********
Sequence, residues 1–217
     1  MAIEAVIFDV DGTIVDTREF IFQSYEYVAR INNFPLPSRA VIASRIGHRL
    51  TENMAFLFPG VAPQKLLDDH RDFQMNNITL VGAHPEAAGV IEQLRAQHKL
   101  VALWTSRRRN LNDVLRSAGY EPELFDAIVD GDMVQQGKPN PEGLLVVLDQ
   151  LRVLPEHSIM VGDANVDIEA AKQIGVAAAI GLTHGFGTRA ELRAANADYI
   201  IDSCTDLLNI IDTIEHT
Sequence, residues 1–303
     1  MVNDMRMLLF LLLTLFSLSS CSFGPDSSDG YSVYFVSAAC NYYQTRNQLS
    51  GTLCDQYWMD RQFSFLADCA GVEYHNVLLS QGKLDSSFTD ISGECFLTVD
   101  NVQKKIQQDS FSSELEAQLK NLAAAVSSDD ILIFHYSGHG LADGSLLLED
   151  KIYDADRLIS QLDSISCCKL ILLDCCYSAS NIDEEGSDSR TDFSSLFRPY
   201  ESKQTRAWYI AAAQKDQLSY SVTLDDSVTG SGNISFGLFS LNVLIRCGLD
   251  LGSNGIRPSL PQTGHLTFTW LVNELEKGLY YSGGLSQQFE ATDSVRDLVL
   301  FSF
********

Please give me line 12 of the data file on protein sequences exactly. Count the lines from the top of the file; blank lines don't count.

   201  ESKQTRAWYI AAAQKDQLSY SVTLDDSVTG SGNISFGLFS LNVLIRCGLD